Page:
He crafted an inimitable decorative style from a personal vocabulary of images that included birds, butterflies, hot-air balloons, architecture and most frequently, and in some 500 variations an enigmatic womans face based on that of the 19th-century opera singer Lina Cavalieri. Fornasetti used transfer prints of these images, rendered in the style of engravings, to decorate an endless variety of furnishings and housewares that ranged from chairs, tables and desks to dishes, lamps and umbrella stands.
His work is archly clever, often surreal and always fun. Fornasetti was born in Milan, the son of an accountant, and he lived his entire life in the city. He showed artistic talent as a child and enrolled at Milans Brera Academy of Fine Art in 1930, but was expelled after two years for consistently failing to follow his professors orders. A group of his hand-painted silk scarves, displayed in the 1933 Triennale di Milano, caught the eye of the architect and designer Gio Ponti, who, in the 1940s, became Fornasettis collaborator and patron.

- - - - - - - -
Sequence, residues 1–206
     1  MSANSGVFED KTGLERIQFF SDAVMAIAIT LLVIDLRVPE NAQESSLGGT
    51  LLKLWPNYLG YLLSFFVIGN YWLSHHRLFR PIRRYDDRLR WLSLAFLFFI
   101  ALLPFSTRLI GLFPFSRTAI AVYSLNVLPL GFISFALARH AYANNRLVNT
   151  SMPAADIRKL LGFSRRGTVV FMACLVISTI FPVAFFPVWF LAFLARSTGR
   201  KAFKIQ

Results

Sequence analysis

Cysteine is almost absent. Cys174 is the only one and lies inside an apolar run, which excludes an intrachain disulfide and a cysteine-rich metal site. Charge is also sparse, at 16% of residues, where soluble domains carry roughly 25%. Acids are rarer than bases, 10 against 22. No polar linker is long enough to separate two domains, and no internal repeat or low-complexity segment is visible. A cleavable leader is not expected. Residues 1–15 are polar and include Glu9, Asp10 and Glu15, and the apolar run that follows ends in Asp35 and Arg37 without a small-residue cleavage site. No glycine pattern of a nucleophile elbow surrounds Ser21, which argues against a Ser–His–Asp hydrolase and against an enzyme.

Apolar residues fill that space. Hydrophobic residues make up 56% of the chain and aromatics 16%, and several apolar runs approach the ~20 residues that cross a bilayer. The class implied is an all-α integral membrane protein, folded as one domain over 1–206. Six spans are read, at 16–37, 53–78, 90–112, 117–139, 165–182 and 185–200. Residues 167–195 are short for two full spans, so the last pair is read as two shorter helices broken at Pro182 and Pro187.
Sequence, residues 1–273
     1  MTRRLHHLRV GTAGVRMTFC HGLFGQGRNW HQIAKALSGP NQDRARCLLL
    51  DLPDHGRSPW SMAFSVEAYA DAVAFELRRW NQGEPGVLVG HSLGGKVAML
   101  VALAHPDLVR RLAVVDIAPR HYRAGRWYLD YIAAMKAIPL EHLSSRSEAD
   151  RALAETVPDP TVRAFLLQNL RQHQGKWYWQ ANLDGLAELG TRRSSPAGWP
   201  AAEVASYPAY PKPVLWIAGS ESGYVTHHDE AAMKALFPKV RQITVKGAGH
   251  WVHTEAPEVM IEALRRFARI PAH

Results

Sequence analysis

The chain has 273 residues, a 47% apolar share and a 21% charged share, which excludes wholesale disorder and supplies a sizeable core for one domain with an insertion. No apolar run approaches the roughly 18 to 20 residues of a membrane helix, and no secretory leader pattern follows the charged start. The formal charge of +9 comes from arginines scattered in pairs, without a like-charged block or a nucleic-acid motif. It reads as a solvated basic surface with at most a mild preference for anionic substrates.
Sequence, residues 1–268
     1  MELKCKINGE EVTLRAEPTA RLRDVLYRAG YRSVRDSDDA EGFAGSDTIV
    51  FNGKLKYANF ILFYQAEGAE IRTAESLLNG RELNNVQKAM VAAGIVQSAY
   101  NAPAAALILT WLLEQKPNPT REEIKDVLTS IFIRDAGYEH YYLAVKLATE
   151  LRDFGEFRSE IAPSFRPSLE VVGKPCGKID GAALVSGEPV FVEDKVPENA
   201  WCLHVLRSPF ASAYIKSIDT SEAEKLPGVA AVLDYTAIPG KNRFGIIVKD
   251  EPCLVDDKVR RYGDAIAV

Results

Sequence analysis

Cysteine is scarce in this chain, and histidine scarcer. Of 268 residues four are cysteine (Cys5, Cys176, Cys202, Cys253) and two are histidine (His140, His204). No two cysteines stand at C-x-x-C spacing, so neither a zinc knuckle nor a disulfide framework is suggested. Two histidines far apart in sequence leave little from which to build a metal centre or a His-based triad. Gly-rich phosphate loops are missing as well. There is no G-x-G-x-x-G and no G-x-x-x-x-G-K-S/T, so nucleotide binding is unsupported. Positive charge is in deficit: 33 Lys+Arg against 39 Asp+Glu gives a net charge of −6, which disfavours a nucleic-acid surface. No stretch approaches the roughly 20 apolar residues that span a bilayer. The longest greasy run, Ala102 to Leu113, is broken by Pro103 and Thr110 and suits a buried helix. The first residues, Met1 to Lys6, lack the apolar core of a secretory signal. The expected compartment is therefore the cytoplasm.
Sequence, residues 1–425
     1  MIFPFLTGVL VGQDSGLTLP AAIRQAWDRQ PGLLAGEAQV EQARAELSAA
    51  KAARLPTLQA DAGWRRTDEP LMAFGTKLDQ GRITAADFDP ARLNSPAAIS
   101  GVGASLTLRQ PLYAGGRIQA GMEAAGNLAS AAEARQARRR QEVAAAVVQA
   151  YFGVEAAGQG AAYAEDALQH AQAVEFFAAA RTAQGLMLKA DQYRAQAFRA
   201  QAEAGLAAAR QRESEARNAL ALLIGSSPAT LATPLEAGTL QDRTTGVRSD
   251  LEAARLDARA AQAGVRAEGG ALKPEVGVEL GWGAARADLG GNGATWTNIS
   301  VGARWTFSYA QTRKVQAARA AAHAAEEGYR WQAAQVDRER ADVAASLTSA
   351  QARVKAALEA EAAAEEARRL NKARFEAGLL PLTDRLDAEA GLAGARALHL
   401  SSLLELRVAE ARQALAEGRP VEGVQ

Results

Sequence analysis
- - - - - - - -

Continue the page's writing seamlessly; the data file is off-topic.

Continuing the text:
Beginning in the early 1950s, they created a striking a series of desks, bureaus and secretaries that pair Pontis signature angular forms with Fornasettis decorative motifs lighthearted arrangements of flowers and birds on some pieces, austere architectural imagery on others. The two worked together on numerous commissions for interiors, though their greatest project has been lost: the first-class lounges and restaurants of the luxury ocean liner Andrea Doria, which sank in 1956. Fornasetti furnishings occupy an unusual and compelling niche in the decorative arts: they are odd yet pack a serious punch.They act, essentially, as functional sculpture. A large Fornasetti piece such as a cabinet or a desk can change the character of an entire room; his smaller works have the aesthetic power of a vase of flowers, providing a bright and alluring decorative note. The chimerical, fish-nor-fowl nature of Fornasettis work may be its greatest strength. It stands on its own.
Bringing the Fornasetti look into the future is Barnaba Fornasetti, who took the reigns of the company after his father's death. In Great Condition - wear and tear consistent with age, good vintage look. All items are cleaned and inspected before being dispatched, we use only the best packing materials to insure your item reaches you safely and discreetly. The item "LATE 20TH CENTURY ITALIAN GLASS FLOOR LAMP BY FORNASETTI" is in sale since Tuesday, February 11, 2020. This item is in the category "Antiques\Antique Furniture\Lamps\20th Century".
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